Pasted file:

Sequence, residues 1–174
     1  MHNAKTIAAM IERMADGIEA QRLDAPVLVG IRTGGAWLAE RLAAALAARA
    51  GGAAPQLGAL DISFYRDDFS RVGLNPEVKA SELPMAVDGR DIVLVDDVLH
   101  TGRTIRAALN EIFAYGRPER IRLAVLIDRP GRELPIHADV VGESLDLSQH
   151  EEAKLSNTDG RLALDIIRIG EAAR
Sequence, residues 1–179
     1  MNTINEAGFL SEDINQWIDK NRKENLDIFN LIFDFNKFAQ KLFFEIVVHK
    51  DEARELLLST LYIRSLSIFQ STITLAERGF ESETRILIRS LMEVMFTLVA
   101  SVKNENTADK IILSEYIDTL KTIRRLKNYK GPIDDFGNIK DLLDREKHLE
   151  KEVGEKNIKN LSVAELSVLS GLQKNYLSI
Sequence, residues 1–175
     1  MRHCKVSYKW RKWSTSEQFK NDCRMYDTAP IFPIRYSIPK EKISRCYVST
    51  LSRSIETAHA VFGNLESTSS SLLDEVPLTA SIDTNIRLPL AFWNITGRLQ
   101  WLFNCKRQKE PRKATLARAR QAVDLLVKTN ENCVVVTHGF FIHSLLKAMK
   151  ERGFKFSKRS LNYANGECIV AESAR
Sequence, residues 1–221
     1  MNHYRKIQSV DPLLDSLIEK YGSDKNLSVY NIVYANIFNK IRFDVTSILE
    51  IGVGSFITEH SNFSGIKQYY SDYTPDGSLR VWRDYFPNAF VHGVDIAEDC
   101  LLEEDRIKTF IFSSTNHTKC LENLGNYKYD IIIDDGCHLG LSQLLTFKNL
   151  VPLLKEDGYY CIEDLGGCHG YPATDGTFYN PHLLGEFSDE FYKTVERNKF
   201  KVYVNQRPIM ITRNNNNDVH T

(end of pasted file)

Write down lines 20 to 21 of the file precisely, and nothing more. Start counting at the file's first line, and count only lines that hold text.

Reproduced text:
   151  VPLLKEDGYY CIEDLGGCHG YPATDGTFYN PHLLGEFSDE FYKTVERNKF
   201  KVYVNQRPIM ITRNNNNDVH T